How to Rig a Climbing Harness

How to Rig a Climbing Harness
Rigging a climbing harness is the first and most critical step for any rock-climbing or rappelling adventure. By understanding how your climbing harness works, you will be able to safely approach the sport of climbing. Follow these simple steps and you will be on your way to enjoying more time getting vertical in the great outdoors and be a safer climbing partner for everyone around you.

Instructions

Difficulty: Easy

Securing the Harness

Things You’ll Need:
  • Climbing harness Dynamic climbing rope Climbing helmet
  • Climbing harness
  • Dynamic climbing rope
  • Climbing helmet
Step 1
Examine your harness to ensure that all parts are in good condition and there is no excessive wear. If you have any doubts, ask another person to double-check the area of the harness that you are concerned about.
Step 2
Place your legs through the leg loops and bring the waist belt up to your natural waist. Your natural waist is above your hip bones. Failure to bring the climbing harness up high enough can be dangerous, as you could slip through the harness in a fall.
Step 3
Fasten the waist belt snugly around your waist. Make sure that the fastener is either double-backed to prevent slippage or that the harness is a self-locking harness. If the harness is self-locking, it does not need to be double-backed.
Step 4
Use the hand test. When the harness is secured around your waist, you should be able to slide a flat hand snugly between the waist belt and your skin/clothing. If there is more room than for one flat hand, tighten the harness. If you cannot slip one flat hand between the waist belt and your skin/clothing, you can loosen the harness a bit.
Step 5
Make sure that the leg loops are double-backed or self-locking if you have a harness with adjustable leg loops.

Rigging the Climbing Harness

Step 1
Tie your tie-in knot. The most common knot used to tie-in to a climbing rope is the retraced figure eight knot. The first step to tying a retraced figure eight is to tie a single figure eight knot into the climber's end of the climbing rope.
Step 2
Feed the end of the climbing rope through both points of your harness. Failure to do so can subject your harness to improper strain if you fall.
Step 3
Use the end of the rope to retrace the figure eight when you are sure your rope is through both points of your climbing harness.
Step 4
Tie your backup knot. A figure eight is a self-tightening knot, which means when placed under pressure, it tightens as opposed to loosens. However, it is a safe practice to place a backup knot in your rope above your figure eight.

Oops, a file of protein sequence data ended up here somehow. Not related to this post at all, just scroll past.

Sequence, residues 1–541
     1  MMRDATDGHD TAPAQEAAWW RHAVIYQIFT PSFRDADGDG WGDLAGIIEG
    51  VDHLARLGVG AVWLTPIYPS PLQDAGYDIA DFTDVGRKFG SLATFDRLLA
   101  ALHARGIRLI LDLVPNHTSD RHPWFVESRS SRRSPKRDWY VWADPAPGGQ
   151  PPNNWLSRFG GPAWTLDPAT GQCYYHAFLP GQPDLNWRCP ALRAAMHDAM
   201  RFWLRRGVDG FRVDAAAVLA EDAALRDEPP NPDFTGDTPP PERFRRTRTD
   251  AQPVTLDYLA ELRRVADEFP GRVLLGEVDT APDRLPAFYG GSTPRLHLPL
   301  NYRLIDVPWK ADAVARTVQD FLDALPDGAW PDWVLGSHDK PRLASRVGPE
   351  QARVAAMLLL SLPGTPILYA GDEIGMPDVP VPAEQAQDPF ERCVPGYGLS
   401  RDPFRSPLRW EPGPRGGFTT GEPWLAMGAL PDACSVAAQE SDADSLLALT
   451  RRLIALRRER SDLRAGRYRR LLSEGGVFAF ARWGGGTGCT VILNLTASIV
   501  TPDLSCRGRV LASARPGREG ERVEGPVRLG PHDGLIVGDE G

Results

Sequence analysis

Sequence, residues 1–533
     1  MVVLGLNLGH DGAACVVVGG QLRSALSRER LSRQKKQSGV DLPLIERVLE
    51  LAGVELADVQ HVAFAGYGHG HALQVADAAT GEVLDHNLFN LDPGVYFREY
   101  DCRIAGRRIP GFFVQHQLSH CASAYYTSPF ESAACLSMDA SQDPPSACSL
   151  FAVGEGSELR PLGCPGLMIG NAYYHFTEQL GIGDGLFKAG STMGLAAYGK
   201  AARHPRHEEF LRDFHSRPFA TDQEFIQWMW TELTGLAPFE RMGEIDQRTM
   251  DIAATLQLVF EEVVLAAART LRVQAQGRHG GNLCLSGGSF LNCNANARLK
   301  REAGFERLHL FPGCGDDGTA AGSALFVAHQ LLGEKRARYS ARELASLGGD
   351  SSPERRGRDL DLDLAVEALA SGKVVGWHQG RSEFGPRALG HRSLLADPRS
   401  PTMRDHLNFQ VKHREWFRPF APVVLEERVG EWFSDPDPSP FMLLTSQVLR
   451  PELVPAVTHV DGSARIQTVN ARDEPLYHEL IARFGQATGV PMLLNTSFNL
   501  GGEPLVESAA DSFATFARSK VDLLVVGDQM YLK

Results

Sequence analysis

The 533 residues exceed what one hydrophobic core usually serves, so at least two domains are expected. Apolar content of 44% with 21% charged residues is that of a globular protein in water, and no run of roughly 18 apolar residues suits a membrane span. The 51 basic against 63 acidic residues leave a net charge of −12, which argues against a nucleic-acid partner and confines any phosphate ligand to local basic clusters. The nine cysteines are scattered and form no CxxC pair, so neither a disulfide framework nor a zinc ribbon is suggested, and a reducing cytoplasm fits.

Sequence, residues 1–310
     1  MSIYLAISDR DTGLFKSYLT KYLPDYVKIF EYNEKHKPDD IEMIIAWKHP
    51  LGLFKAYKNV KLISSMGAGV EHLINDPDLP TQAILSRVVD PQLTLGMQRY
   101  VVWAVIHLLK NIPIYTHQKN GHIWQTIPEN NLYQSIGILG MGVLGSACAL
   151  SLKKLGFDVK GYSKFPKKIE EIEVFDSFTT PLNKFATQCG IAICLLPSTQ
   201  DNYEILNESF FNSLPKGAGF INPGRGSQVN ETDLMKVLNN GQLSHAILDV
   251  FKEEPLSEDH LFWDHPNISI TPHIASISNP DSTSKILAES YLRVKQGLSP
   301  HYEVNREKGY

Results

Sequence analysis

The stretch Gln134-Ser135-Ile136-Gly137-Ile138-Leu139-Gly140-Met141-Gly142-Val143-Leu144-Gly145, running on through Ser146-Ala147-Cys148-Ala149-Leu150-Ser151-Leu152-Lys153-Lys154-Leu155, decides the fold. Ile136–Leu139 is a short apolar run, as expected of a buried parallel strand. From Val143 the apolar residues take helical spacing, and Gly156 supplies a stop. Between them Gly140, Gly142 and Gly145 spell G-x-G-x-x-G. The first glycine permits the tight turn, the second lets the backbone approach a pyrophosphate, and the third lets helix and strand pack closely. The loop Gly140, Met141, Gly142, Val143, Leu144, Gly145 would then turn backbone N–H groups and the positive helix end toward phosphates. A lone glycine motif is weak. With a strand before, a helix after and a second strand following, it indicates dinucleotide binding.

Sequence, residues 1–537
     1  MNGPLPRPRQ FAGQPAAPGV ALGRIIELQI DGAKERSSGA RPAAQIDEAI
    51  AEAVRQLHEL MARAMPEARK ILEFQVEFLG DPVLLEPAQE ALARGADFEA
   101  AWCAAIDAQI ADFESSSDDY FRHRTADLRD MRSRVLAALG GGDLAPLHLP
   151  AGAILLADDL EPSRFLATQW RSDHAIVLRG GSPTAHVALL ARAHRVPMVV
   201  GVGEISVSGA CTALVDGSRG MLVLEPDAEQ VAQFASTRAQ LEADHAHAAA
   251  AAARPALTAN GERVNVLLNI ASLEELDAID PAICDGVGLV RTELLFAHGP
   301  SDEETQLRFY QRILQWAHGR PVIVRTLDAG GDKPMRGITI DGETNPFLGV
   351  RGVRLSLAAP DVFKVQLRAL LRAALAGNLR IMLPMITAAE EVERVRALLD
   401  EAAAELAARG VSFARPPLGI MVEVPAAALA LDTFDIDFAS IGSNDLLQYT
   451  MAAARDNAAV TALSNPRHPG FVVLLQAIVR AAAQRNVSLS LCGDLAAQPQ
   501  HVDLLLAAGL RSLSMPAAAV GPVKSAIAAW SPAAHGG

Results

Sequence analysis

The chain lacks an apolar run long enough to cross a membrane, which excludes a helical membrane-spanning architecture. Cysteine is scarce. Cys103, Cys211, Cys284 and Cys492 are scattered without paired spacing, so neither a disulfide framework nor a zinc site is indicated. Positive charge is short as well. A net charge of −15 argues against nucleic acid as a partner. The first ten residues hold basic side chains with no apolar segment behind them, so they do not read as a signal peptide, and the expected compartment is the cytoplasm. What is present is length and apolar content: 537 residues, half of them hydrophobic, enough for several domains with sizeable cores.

Tips & Warnings

 
When first learning to rig a climbing harness, it helps to practice. Get a rope, put your harness on and practice in a no-pressure environment like your own home. The more nervous you are, the more likely you are to make mistakes. Rigging a climbing harness is a simple yet serious matter, and if you make yourself well-practiced, you will find your days at a climbing crag to be more enjoyable and safety-oriented.
 
When first learning to rig a climbing harness, it helps to practice. Get a rope, put your harness on and practice in a no-pressure environment like your own home. The more nervous you are, the more likely you are to make mistakes. Rigging a climbing harness is a simple yet serious matter, and if you make yourself well-practiced, you will find your days at a climbing crag to be more enjoyable and safety-oriented.
 
Never begin climbing without having your belayer check your climbing harness and tie-in knot. Never climb without a helmet. If you choose to not back-up your tie-in knot, you should have at least six inches of rope extending beyond your knot for safety so the rope cannot work its way back through.
 
Never begin climbing without having your belayer check your climbing harness and tie-in knot.
 
Never climb without a helmet.
 
If you choose to not back-up your tie-in knot, you should have at least six inches of rope extending beyond your knot for safety so the rope cannot work its way back through.

Article Written By Erika Napoletano

Erika Napoletano is a full-time professional writer and social media consultant based in Denver, Colorado. Her skills include experience as a formerly licensed securities professional and extensive real estate work including over 18 months in hard money lending. Recently featured in the Denver Business Journal for her social media expertise, Erika is a prominent figure in the Denver and Colorado social media communities.

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